Moore’s Cream Liqueur c/othewhiskeynut

Mariah Carey dominates social media with her Black Irish liqueur – but Moore’s Irish Cream Liqueur faces no legal dispute – as far as I know – and is currently available to purchase in Ireland.

Rather than sporting a golden mermaid look, Moore’s is adorned with a humble grazing cow – the source of the Irish cream used.

In the glass Moore’s Irish Cream Liqueur has the appearance & consistency of rich full-fat milk about it.

Only on nosing & tasting does a whisper of whiskey make it’s presence felt over the rich creaminess & melted milk chocolate experience.

An Irish Wolfhound graces Moore’s Irish Gin – but never having acquired an appreciation of this juniper led category – I’ll leave it to others for appraisal.

Overall I’m somewhat attracted to the laid back & simple approach offered by Moore’s.

There’s a traditional appeal to the honeyed blend style of whiskey.

The brand also puts Co Laois on the spirits map.

Best wishes to Moore Drinks & Lockdown Brands in their new venture.

Keavin’s Port, Dublin. Wetherspoon’s Irish Expansion.

Wetherspoons divide opinion.

Spoons news & menu c/othewhiskeynut

When they first appeared in North London back in the 1980’s – I was there.

One of their earliest bars – The Rochester Castle – became a frequent haunt of mine – & I’ve been in many since.

The Wetherspoon model – which is still in use today – was relatively radical at the time.

No piped music.

No TV screens.

No slot machines.

No smoking areas.

Food served all day.

Free refills of tea & coffee.

Varying taps of ‘real ale’ offered at decent prices.

Little did I know nearly 40 years later I’d be looking forward to a weekend away with herself staying in the newly opened €33 million Keavin’s Port Hotel & Bar to enjoy that very same model!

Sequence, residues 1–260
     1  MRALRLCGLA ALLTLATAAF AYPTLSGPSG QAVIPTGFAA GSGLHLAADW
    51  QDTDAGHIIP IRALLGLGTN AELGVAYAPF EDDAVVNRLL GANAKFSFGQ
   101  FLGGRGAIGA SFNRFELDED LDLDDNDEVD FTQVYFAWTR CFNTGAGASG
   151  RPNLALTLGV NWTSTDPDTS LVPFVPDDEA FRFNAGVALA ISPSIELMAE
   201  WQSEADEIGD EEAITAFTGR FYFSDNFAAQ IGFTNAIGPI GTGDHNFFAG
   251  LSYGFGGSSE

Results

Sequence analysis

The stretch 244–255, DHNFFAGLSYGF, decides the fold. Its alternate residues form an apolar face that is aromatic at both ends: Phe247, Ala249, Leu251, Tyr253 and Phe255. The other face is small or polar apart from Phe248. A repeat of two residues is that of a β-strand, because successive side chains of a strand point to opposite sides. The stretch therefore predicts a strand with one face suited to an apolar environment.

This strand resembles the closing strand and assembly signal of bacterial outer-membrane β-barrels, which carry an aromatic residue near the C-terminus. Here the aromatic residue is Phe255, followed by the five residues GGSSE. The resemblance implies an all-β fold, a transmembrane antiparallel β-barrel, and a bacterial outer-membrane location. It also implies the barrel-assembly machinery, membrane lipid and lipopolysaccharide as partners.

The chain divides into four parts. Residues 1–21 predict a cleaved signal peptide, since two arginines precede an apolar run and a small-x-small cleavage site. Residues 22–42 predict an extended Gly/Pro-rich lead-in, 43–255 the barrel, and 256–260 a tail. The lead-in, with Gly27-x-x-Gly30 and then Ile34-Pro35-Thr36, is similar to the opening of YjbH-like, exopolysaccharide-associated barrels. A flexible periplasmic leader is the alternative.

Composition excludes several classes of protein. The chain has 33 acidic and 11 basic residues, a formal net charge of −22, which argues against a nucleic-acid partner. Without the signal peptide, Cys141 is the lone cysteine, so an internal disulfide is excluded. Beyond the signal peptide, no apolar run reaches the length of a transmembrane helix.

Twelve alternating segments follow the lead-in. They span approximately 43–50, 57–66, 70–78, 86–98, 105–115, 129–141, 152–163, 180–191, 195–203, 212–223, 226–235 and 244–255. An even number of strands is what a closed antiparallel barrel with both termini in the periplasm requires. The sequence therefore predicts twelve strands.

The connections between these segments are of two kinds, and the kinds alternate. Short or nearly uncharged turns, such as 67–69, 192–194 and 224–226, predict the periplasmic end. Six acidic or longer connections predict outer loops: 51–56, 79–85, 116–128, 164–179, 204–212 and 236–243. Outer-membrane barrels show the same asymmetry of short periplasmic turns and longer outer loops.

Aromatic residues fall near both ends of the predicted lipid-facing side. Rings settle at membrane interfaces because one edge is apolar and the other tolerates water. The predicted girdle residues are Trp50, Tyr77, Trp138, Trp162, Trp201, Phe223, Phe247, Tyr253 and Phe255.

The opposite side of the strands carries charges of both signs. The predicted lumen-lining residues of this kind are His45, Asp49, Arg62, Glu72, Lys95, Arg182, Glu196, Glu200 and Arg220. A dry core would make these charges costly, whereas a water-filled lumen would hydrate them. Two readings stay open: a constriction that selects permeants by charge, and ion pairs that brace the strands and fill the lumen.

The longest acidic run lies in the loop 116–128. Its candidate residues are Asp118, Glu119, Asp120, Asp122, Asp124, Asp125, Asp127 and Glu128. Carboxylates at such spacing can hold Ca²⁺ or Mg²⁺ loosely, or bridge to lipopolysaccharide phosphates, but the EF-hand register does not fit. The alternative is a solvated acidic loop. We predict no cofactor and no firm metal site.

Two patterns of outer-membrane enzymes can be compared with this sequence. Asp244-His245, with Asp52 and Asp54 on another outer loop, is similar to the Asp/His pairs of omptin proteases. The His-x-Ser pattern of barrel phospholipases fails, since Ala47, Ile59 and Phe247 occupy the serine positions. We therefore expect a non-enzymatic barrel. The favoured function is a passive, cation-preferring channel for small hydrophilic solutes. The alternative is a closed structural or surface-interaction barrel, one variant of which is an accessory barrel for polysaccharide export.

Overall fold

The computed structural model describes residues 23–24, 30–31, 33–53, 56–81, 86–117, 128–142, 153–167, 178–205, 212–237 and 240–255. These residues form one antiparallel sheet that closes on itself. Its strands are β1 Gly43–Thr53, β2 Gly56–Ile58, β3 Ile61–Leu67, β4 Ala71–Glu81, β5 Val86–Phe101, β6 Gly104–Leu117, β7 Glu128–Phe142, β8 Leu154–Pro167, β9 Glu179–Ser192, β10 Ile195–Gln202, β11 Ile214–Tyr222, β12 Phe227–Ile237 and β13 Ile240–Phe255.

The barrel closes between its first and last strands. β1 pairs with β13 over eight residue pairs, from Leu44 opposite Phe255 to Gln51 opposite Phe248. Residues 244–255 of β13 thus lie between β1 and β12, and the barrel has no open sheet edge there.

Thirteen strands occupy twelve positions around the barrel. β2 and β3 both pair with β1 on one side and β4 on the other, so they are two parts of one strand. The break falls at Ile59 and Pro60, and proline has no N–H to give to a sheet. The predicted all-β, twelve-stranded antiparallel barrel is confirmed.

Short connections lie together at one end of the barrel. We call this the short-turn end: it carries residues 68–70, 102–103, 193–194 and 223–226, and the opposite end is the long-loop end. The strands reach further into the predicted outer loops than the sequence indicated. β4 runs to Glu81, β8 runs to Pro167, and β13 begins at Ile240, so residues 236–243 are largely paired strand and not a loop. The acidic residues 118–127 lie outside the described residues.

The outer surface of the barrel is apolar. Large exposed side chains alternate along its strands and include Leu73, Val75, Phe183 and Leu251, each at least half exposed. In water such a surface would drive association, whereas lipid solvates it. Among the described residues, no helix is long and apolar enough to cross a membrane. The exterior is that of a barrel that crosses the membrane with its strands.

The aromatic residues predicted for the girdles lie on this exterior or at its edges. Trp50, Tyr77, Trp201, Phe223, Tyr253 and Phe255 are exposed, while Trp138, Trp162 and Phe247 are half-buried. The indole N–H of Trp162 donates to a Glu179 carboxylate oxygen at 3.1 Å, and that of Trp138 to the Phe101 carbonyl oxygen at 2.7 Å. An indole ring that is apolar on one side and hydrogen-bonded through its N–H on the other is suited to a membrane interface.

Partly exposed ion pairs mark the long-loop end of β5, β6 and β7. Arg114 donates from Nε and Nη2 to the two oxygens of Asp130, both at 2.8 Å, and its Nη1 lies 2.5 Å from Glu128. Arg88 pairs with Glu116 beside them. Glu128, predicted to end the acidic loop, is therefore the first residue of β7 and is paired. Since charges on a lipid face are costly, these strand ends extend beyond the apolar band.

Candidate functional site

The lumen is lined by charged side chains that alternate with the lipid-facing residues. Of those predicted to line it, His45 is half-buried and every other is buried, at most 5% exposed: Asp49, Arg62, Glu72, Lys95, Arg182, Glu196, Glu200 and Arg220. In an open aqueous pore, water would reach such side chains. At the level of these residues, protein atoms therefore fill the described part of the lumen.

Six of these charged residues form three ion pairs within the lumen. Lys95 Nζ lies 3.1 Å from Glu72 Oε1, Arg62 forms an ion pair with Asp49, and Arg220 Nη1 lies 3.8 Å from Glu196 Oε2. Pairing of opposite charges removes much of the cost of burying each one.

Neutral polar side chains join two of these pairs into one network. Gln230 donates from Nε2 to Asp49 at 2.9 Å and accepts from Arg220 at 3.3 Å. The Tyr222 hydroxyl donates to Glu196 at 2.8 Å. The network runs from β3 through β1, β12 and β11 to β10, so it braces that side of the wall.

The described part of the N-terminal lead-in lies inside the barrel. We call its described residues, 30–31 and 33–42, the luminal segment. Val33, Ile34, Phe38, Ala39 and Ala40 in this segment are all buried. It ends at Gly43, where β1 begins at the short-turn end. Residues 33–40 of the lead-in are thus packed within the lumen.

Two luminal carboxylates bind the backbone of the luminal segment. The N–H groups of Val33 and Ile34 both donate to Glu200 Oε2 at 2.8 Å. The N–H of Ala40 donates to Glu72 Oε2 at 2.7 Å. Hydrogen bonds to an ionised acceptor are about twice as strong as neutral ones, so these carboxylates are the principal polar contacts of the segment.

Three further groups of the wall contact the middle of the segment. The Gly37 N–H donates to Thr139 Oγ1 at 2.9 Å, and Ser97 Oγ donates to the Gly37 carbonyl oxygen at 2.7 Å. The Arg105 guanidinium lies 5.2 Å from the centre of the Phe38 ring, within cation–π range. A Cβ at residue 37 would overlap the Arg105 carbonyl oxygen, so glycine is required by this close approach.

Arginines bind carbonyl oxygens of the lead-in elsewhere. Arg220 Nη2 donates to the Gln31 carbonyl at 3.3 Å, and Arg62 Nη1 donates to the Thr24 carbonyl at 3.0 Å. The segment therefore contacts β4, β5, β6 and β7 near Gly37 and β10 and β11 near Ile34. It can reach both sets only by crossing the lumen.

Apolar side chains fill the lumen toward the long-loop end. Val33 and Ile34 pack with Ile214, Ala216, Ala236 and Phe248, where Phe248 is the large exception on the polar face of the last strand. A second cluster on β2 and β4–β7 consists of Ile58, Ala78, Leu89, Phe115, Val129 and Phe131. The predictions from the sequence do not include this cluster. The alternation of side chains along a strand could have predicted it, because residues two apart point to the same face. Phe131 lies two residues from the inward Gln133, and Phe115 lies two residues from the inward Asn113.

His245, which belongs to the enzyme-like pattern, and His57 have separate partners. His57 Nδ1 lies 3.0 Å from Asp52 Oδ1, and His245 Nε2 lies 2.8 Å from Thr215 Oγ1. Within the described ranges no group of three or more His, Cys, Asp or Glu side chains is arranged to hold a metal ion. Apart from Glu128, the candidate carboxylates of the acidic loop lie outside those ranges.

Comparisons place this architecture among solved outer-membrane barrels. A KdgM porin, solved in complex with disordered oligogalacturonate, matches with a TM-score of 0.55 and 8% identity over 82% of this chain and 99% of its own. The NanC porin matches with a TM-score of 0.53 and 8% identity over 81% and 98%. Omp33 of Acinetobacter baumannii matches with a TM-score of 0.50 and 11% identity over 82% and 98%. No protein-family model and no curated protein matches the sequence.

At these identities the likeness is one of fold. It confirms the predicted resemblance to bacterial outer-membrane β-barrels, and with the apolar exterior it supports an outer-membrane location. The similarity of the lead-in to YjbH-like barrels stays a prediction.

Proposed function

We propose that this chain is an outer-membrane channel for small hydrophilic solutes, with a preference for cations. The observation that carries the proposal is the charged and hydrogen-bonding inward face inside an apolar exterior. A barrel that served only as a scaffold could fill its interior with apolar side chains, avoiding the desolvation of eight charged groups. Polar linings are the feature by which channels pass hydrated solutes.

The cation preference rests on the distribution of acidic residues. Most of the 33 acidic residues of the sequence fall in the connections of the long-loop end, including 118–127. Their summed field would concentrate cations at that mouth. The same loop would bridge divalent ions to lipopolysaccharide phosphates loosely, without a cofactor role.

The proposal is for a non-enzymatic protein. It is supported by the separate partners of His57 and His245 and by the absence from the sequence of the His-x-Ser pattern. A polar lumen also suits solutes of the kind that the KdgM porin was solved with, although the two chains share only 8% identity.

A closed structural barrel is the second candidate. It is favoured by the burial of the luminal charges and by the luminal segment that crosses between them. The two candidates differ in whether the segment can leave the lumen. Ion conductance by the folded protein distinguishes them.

Keavin’s Hotel & Bar c/othewhiskeynut

Most of those monies were spent on the careful & detailed restoration of the 8 Georgian Town Houses – plus 1 Chapel – the premises now occupy.

Confessions in the Chapel? c/othewhiskeynut

Pictures, memorabilia & artifacts recalling the former uses of the buildings now adorn the space. From specially commissioned stained glass work of church providers Early & Company to the marvelous inclusion of the former Chapel into a dining area.

Window at reception c/othewhiskeynut

The modern hotel is discretely added on at the back & boasts sleekly designed contemporary rooms with all the expected mod cons – plus the lovely touch of artwork from local schools commissioned by Wetherspoons.

Room artwork c/othewhiskeynut

The bar areas include a stunning 12 metre high glass atrium, 2 beer gardens & cosy snugs within the old Georgian building.

Atrium with bar & beer garden below c/othewhiskeynut

Prices are very keen – Top Brands – Sensible Prices is the tag line – although I was a tad disappointed at the lack of an Irish flavour.

Keen prices c/othewhiskeynut